Chi Onwurah: The government's digital inclusion strategy is too little, too late

Derek du Preez Profile picture for user ddpreez April 23, 2014
Shadow minister for the Cabinet Office Chi Onwurah argues that those without digital support face real challenges ahead

Shadow Minister for the Cabinet Office Chi Onwurah is an engineer herself and a former technology chief at the UK's telecoms watchdog, Ofcom - meaning she has significantly more hands on technology experience than most politicians out there. With a general election looming next year and the prospect of the Labour party moving into government, she could soon be in charge of the government's digital agenda and driving the UK's policy on public service reform. Onwurah writes exclusively for diginomica on the government's recent digital inclusion strategy and how it doesn't live up to the task of supporting the nation through the transition to online public services...

The Government’s Easter announcement of a Digital Inclusion Strategy has received a mixed reception. Of course everyone is in favour of digital inclusion, in principle, and given the Labour party has been badgering them about it for the last four years, we welcome this  final conversion to the importance of making it work in practise. But so much time has been lost in the intervening four years.

I think it is no exaggeration to say that Labour have been pressurising this Government to set out its plans in this area from its very first day in office. One of the Government’s earliest announcements was that Labour’s commitment to Universal Broadband Coverage was being abolished. We wanted to know how they were going to support digital inclusion.

And the Government responded with references to Assisted Digital Provision, Go-on Online, Martha Lane Fox and the Tinder Foundation.

The fact that there was no assisted digital provision was of real concern, especially with the development of Universal Credit, but it was ‘in progress’. For example, over a year ago now (6th February 2013) we had this exchange:

Chi Onwurah:  To ask the Minister for the Cabinet Office (1) how many assisted digital service providers there are; and where such providers are based; [141919] (2) what resources are offered to assisted digital service providers by his Office or other Government Departments. [141920]

Mr Hurd:  The Government currently do not contract with any assisted digital service providers however departments have started market engagement to seek providers. They will work closely with the private sector, wider public sector and the voluntary sectors to enable a network of assisted digital providers.

Naively, I realise now, I thought that that meant there were plans, a strategy, important decisions made, such as, for example, whether to focus on improving citizens skills, or making technology more accessible, or providing non digital options.

But no, this week’s announcement makes it clear that there wasn’t a strategy in place. The reason it appeared muddled was that it was  a mix of ad-hoc initiatives and unrealistic promises.

Better late than never you might say. And it does have many good points. But the key test of a digital inclusion strategy must be – how many people it is going to include. And at the outset this strategy is handicapped by the decision  to leave ten percent of the population behind on the basis that they will never develop the skills to get online, rather than developing the technology which helps them do so. It is ironic that a Tory minister criticises football clubs for not adapting stadia for those with disabilities in the same week the party announces plans to close the door on the digital game for seven million Britons.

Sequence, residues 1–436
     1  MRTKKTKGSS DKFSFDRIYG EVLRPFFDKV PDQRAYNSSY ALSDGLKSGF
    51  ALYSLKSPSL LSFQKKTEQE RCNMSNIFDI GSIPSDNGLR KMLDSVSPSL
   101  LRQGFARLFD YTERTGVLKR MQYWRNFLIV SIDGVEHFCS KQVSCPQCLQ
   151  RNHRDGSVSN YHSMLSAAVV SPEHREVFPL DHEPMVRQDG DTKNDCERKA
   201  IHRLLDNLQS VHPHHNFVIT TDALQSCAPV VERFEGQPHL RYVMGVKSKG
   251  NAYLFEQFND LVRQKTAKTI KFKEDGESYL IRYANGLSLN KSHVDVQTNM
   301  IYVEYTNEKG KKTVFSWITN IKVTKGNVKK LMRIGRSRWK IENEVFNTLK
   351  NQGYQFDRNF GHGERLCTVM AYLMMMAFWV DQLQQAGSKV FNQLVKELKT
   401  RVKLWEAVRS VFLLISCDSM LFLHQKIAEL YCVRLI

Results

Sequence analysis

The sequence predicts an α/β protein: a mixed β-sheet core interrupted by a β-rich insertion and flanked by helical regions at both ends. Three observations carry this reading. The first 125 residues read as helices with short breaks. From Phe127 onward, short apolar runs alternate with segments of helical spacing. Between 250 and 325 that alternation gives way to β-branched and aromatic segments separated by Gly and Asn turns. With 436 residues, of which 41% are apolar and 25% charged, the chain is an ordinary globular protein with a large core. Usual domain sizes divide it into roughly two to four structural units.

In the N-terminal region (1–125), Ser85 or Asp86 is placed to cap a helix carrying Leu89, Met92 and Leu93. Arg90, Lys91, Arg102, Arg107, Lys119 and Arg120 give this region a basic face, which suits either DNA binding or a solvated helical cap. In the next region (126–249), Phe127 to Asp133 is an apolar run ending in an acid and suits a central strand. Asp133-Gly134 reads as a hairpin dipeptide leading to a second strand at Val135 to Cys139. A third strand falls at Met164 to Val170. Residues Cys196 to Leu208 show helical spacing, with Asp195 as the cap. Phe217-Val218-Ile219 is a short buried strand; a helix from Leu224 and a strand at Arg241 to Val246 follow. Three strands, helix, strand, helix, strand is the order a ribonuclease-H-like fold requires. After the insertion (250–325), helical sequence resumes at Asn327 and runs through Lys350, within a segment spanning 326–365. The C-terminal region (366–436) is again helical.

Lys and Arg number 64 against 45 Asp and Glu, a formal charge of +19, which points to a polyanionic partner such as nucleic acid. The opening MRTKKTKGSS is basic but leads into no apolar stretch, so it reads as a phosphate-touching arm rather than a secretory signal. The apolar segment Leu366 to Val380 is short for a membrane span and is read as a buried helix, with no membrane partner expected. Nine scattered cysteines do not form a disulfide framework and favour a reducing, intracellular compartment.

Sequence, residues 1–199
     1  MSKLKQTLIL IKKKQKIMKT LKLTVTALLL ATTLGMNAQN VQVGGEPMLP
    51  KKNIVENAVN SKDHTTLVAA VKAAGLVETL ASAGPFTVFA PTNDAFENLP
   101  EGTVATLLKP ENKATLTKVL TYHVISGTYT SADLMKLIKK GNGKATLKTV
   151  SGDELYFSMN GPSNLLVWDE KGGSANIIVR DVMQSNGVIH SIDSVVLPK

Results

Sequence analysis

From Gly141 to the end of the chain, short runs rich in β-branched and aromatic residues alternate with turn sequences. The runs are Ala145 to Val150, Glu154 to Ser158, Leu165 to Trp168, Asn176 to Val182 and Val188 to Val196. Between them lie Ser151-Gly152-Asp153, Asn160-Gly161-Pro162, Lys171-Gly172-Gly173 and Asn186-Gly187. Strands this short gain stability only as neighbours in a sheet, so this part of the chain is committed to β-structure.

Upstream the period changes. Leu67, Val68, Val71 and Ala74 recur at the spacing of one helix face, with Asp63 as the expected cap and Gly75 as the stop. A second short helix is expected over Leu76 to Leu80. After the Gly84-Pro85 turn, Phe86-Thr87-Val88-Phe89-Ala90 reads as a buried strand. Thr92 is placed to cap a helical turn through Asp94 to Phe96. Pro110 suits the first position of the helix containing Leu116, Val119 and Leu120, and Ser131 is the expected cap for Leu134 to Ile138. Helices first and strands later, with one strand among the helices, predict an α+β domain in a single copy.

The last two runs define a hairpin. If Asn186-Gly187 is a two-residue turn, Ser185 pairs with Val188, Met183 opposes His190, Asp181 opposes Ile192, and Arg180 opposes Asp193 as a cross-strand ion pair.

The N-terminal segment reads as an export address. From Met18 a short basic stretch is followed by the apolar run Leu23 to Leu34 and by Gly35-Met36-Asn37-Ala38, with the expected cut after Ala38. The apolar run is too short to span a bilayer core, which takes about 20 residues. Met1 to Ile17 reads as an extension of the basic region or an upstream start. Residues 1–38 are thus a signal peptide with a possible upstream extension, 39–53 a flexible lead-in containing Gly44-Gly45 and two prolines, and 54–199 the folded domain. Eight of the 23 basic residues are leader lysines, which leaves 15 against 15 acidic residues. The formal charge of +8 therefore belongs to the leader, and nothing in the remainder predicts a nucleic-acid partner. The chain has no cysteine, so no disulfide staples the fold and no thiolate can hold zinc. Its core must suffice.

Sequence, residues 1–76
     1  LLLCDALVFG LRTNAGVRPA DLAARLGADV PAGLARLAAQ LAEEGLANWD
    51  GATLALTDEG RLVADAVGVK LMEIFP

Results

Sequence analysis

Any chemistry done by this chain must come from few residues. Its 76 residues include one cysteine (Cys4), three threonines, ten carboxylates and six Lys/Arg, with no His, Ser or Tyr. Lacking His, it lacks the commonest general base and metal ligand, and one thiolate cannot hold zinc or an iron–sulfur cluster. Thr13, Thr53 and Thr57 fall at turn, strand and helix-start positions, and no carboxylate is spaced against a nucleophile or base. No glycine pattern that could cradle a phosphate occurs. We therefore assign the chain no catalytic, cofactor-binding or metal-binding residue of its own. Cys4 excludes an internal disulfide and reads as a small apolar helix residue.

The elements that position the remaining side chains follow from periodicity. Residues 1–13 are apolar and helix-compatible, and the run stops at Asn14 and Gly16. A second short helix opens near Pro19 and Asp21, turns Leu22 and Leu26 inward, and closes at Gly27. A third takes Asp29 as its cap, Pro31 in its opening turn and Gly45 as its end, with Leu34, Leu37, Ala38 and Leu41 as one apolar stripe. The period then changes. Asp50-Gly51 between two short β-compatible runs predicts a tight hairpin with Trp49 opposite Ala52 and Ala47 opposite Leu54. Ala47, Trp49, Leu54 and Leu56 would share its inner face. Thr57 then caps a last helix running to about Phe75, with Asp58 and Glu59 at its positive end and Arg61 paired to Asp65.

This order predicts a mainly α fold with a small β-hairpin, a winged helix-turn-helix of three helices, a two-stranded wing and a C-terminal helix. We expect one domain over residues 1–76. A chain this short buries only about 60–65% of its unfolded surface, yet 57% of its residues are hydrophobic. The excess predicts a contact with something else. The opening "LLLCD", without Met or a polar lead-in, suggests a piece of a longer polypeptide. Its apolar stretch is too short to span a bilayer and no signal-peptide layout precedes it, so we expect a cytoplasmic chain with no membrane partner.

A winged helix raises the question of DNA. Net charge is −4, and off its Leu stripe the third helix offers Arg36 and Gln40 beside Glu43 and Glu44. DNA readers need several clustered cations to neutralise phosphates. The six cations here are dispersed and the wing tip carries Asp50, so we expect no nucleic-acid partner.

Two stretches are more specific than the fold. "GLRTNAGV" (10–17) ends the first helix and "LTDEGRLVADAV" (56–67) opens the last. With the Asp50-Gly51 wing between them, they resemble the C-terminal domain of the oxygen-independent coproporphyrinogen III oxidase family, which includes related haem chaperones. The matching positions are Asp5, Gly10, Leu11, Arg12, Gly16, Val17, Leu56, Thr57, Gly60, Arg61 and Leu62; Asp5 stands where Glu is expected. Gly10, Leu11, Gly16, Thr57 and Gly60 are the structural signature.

As part of our Digital Government Review we are in the process of organising a workshop with the Citizens Advice Bureau in Newcastle. The stories they tell us echo my experiences in my surgeries but in more, heart rending detail.  This is not about missing out on the latest celebrity update or even renewing your driving licence faster than you expected. This is about not having enough food to feed your children because you haven’t been able to sign on online or demonstrate that you have spent the requisite amount of time searching for a job, online.

Then you’re sanctioned, which is to say all benefits are withdrawn from you for eight weeks. That’s all benefits. That leaves you with no money, indeed in all probability, nothing but a food bank to rely on. Or maybe a legal - or illegal - loan shark.

Staff and volunteers at Newcastle CAB are helping local   people get on line,   and complete benefit applications and other electronic   Government   forms. This is extra work for the charity, but   the alternative is to let people go without food.

This is exactly the sort of support the assisted digital programme should be providing. Indeed the Universal Credit FAQs suggest it is  – but facts on the ground say it definitely isn’t.

Digital Divide
I am sure that the developers working on Universal Credit and other digital services never thought that their services might be used as a reason to leave people destitute.

I know that the responsibility for this lies with the Conservative and Lib Dem ministers who championed on-line services without putting in place the support so many citizens need - the lack of leadership and joined up thinking that has become the trade mark of the Cabinet Office under this Government.

So, whilst I welcome the Digital Inclusion Strategy, I believe it’s too little too late.  And the real test will be when my constituents have the help they need  to do the tasks the Government requires of them online.

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